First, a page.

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Here’s a solution, take visual cues from the commercials that made you great. Speak, through images and content about the story, about the emotion, about the city, and about life. Let the consumers make a connection with your story, then with your product.

What This Campaign Should Have Been About
In summary, this campaign should have been about hope, reality, inspiration, fight and pride. It should have been about the people and the feelings. Chrysler and W+K have failed at aligning meaning behind the rest of their approach to the brand that they started back in early 2011. Align back to Detroit, speak to the people that make that city great and this country great. Speak to sacrifice, hard work and determination. Speak to THEM and stop bringing us that which we cannot relate to. Do not leave Detroit, do not ignore the “blue-collar” worker and do not leave us like the brands before you.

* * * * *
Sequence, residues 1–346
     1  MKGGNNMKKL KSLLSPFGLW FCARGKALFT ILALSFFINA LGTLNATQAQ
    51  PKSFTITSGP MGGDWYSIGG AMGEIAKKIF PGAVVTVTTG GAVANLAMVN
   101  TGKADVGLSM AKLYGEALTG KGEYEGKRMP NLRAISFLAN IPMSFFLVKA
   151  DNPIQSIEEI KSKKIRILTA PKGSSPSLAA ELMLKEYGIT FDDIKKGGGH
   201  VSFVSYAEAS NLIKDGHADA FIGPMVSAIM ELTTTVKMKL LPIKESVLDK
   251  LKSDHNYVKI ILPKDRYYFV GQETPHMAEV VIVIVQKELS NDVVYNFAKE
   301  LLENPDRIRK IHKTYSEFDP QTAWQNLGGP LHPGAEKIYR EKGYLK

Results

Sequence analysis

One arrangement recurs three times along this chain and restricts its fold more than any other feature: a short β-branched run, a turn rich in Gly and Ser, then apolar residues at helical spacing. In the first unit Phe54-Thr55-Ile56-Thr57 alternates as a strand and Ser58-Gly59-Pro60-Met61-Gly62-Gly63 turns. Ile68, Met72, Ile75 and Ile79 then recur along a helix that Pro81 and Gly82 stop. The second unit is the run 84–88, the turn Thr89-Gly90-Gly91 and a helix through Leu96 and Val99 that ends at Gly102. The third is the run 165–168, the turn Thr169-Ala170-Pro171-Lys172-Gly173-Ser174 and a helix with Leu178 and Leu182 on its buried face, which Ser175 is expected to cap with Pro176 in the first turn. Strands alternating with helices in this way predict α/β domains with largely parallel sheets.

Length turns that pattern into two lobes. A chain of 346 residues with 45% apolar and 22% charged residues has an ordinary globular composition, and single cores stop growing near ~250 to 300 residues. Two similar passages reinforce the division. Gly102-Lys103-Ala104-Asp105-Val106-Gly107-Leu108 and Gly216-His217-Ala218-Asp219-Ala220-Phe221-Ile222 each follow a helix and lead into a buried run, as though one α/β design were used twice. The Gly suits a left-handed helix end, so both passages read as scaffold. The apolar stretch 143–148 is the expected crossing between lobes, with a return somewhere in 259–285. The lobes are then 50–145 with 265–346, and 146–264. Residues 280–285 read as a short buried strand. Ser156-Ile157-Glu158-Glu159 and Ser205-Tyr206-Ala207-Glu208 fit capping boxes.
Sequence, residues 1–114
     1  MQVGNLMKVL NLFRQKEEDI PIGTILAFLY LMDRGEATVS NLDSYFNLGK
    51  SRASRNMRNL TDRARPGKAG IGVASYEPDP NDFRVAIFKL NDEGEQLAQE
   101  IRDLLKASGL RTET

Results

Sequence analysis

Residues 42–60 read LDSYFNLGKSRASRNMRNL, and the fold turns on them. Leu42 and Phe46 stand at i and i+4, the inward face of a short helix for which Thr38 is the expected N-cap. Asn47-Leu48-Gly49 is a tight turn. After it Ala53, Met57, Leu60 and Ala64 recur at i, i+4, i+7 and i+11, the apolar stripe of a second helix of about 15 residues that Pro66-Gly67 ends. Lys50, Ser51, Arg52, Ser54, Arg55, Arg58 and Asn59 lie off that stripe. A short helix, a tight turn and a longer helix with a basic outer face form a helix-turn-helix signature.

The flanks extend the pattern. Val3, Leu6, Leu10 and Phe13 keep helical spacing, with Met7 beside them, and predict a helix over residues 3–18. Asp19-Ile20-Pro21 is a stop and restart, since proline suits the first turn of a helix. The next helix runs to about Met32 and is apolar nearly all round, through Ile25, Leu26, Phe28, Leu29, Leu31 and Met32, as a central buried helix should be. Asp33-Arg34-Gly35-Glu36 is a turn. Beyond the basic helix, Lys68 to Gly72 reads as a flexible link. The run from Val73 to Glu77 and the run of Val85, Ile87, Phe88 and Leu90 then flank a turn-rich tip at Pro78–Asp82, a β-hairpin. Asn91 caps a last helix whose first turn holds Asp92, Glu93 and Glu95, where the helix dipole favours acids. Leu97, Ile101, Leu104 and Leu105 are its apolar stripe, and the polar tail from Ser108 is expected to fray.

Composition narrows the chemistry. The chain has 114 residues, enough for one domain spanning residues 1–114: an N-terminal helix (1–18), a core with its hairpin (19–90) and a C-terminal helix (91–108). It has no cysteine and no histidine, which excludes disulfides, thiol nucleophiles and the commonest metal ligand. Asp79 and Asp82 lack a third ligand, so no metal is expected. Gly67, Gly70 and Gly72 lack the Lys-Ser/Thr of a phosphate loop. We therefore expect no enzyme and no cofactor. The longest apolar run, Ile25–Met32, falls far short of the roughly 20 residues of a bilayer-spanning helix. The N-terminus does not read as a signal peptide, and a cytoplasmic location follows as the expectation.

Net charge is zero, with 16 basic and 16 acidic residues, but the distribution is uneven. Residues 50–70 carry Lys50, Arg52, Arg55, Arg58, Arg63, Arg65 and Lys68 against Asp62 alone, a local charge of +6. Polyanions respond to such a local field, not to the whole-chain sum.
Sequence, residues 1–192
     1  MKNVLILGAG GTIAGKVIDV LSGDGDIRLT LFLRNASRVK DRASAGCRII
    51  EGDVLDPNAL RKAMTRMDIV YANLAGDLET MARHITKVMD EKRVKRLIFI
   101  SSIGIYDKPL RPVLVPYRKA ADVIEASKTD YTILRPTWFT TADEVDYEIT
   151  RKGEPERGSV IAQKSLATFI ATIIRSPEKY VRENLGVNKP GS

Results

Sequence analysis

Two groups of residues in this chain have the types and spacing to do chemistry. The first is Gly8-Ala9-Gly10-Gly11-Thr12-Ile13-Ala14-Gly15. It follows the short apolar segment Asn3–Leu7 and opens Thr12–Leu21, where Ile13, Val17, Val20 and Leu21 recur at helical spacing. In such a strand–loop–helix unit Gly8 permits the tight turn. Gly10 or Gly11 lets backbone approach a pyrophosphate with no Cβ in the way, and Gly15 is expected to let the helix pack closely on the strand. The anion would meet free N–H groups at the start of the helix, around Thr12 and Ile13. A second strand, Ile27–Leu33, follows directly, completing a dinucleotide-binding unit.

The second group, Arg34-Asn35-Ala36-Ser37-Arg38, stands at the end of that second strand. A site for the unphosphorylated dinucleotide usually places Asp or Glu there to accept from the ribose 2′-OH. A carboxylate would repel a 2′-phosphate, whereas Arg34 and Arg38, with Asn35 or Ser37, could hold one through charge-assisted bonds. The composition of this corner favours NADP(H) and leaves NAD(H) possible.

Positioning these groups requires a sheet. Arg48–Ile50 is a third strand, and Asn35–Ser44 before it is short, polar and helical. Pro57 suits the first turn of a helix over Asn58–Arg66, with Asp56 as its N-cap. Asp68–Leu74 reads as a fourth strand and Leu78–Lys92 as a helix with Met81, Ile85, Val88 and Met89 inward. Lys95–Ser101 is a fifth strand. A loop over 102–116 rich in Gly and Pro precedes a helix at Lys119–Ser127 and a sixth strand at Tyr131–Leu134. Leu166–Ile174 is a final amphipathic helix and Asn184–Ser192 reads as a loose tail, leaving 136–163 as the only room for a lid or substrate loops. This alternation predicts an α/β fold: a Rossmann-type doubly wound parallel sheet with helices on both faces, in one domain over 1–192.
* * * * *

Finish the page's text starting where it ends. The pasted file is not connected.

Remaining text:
Want to know what I’m talking about? Watch what Levi’s is doing.

Include Social Media in your Brand Strategy

Branding your company is a big, arduous task. It’s not just a logo, it’s not your business cards, letterheads and advertising. What a lot of people and companies don’t understand about branding, is that your brand is not what you say it is, it’s what the consumers believe it is. It’s what the consumer feels about your brand. How do you communicate with your consumers to understand what they’re thinking, and how do to align their beliefs with your own brand strategy? Enter social media.

The term social media gets thrown about a lot, and social media strategy equally so. However, where does a social media strategy actually fit within your brand strategy? How do you leverage social media channels to effectively communicate with your consumers and how do you use social media to affect change within your brand strategy?